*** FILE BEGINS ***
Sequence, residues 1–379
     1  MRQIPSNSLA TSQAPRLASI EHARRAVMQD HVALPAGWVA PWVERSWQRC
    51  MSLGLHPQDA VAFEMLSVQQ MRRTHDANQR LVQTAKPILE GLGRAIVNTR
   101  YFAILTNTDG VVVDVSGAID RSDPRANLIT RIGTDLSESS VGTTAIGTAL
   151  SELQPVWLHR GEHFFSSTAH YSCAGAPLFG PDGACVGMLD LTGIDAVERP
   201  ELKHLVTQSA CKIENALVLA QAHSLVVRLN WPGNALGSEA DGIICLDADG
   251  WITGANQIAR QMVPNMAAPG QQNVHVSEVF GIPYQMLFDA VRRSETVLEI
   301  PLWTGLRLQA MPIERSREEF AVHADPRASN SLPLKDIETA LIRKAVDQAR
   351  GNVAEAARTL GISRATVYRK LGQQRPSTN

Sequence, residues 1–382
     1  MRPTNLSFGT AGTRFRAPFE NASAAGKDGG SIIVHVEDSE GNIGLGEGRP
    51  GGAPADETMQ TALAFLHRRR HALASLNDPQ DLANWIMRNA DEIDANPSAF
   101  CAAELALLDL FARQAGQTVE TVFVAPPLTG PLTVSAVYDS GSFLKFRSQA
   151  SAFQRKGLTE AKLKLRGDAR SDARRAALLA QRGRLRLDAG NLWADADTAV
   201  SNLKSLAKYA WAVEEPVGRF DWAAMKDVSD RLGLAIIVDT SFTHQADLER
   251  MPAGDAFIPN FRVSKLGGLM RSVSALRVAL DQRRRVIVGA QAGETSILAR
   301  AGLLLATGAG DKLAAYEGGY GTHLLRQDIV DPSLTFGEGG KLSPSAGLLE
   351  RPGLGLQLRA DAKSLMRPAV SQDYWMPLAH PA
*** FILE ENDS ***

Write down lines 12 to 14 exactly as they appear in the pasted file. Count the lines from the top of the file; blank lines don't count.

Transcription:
    51  GGAPADETMQ TALAFLHRRR HALASLNDPQ DLANWIMRNA DEIDANPSAF
   101  CAAELALLDL FARQAGQTVE TVFVAPPLTG PLTVSAVYDS GSFLKFRSQA
   151  SAFQRKGLTE AKLKLRGDAR SDARRAALLA QRGRLRLDAG NLWADADTAV